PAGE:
• Silver: Silver plans require you to pay 30% coinsurance, while the insurer pays 70% of costs. Silver plans offer more moderate health care costs than bronze plans, with lower deductibles and moderate premiums.
  • Gold: Gold plans require you to pay 20% coinsurance, while the insurance company pays 80% of the costs. Although these plans feature low deductibles and out-of-pocket costs, they have higher monthly premiums than bronze or silver plans.
  • Platinum: These plans pay 90% of your health care costs and you pay 10%. They offer very low deductibles but have the highest monthly premiums.

Coinsurance vs. Copayment

The terms "coinsurance” and “copayments" sound similar, but they are two very different health care costs.

Coinsurance Copayments
Paid after meeting your deductible Paid after meeting your deductible
Percentage of health care cost Fixed dollar amount
Fixed percentage for all services Can vary by service
Subject to Marketplace out-of-pocket limits Subject to Marketplace out-of-pocket limits

Coinsurance is a percentage of costs you must pay after meeting your deductible. Typically, health plans with the lowest monthly premiums have the highest coinsurance costs.

A copayment is a fixed dollar amount you must pay when receiving health care services after meeting your policy’s deductible. Unlike coinsurance, copayment amounts can vary by service.

With marketplace policies, both coinsurance costs and copayments are subject to annual out-of-pocket limits.

The Bottom Line

Coinsurance is a standard feature in health insurance plans. The cost is required after paying your deductible, except for services fully covered by your plan, such as preventive care. Marketplace health insurance plans cap annual out-of-pocket coinsurance costs as well as deductible and copayment costs.

Choosing a health plan requires striking a balance between what you can afford to pay in premiums and how much you can afford to pay in health care costs. Plans that offer low premiums typically require you to pay a higher percentage of coinsurance, while plans with higher premiums pay a higher percentage of health care costs.

Frequently Asked Questions (FAQs)

What is Medicare coinsurance?

Medicare Part A's coinsurance varies. For example, durable medical equipment comes with a 20% coinsurance, while Medicare-approved inpatient respite care comes with a 5% coinsurance. Medicare Part B's coinsurance is typically 20%. Medicare Advantage, Part D, and Medigap coinsurance amounts vary by plan.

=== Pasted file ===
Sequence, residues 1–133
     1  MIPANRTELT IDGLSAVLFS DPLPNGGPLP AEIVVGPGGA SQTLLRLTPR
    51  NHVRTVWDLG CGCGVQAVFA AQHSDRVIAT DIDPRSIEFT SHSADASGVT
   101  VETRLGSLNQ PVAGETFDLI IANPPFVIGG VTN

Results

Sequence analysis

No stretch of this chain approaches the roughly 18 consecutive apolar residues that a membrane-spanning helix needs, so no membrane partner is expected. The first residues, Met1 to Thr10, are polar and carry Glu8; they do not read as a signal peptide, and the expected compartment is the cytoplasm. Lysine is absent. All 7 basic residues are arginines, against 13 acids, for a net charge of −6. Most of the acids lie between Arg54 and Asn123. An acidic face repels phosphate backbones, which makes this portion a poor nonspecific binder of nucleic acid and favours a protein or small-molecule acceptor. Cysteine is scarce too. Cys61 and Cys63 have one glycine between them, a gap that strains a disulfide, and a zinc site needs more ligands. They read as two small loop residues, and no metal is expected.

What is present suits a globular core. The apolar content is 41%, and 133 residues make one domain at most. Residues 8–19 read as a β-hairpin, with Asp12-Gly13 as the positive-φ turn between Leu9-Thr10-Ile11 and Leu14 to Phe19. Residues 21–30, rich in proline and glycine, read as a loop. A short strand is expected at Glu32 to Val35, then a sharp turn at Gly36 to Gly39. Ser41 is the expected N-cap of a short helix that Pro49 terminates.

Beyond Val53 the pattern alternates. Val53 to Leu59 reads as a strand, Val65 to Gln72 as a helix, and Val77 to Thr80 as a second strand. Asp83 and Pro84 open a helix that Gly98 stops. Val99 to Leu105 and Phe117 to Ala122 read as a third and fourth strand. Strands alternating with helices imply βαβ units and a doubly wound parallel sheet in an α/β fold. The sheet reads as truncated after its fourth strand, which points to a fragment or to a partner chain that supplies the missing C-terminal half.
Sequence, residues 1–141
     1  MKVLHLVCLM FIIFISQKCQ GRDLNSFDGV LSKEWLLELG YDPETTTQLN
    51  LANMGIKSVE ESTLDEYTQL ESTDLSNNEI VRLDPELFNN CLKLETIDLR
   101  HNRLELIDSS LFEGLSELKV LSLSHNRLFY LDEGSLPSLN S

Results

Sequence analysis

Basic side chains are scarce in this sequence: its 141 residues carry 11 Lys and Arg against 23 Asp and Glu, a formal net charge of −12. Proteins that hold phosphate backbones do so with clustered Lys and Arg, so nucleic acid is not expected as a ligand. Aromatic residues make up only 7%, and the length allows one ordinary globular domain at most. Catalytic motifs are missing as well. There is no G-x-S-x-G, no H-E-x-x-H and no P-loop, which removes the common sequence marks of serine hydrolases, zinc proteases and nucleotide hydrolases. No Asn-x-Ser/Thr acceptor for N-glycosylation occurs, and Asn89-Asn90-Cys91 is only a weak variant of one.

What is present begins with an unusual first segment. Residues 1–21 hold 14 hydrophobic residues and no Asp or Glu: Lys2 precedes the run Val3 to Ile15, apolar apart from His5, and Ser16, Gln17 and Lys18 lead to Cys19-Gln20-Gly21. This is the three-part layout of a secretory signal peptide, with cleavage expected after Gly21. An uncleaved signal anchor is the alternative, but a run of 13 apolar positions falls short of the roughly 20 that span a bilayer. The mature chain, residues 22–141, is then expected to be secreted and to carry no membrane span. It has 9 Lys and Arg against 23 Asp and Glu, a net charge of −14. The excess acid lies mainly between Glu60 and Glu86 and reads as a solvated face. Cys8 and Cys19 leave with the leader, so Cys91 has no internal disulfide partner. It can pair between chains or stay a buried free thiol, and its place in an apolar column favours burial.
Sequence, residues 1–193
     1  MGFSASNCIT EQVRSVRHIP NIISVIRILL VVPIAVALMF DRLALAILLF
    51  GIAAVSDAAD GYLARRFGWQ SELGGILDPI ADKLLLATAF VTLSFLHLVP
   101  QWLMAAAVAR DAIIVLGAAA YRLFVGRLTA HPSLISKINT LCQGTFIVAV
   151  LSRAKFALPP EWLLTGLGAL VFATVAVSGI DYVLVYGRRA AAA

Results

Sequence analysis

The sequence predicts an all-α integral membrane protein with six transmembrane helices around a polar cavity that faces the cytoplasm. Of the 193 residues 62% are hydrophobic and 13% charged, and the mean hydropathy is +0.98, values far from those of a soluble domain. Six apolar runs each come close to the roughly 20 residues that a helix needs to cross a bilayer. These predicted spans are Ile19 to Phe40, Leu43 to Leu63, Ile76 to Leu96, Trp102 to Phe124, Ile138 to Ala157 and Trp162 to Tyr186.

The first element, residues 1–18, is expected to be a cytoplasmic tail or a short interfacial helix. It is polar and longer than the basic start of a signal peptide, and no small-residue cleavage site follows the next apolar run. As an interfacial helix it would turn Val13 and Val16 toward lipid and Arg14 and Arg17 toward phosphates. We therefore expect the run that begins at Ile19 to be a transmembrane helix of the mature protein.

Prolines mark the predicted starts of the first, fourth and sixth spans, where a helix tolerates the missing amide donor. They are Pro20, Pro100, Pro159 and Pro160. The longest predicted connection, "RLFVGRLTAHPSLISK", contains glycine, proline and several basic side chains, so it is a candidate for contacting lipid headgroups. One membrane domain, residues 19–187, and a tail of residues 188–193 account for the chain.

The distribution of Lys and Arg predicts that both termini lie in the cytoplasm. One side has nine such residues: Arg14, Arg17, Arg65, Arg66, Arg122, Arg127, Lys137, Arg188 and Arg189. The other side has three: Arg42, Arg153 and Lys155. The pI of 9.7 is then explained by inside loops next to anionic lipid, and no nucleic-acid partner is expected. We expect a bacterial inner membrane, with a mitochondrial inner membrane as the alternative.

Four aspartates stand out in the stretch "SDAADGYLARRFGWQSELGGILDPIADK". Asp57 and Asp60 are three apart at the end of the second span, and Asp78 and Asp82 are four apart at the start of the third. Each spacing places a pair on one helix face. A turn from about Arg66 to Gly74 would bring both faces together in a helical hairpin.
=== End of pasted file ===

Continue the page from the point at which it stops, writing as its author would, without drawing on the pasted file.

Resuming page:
What is the difference between deductible and coinsurance?

Your deductible is your out-of-pocket cost before your health insurance begins to cover costs. After you've reached your deductible, your coinsurance kicks in, and that becomes the amount you're expected to pay out-of-pocket.

What does 80% coinsurance mean?

Typically, 80% coinsurance means that, once you meet your deductible, your insurer is responsible for 80% of covered medical bills and you're responsible for 20%. If you have a $2,000 bill and you've met your deductible, 80% coinsurance means your insurer would pay $1,000 and you'd pay $400.

Is coinsurance good or bad?

Coinsurance is a good thing to have because it makes you responsible for a fraction of a covered medical bill instead of the entire amount.

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The Balance uses only high-quality sources, including peer-reviewed studies, to support the facts within our articles. Read our editorial process to learn more about how we fact-check and keep our content accurate, reliable, and trustworthy.
  1. HealthCare.gov. “Deductible.”

  2. Healthcare.gov. “Coinsurance.”

  3. Healthcare.gov. "Coinsurance."

  4. HealthCare.gov. "Out-of-Pocket Maximum/Limit."

  5. HealthCare.gov. “The Health Plan Categories: Bronze, Silver, Gold & Platinum.”

  6. HealthCare.gov. "Copayment."

  7. Medicare.gov. "Costs."

  8. Healthline. "What Is Medicare Coinsurance?"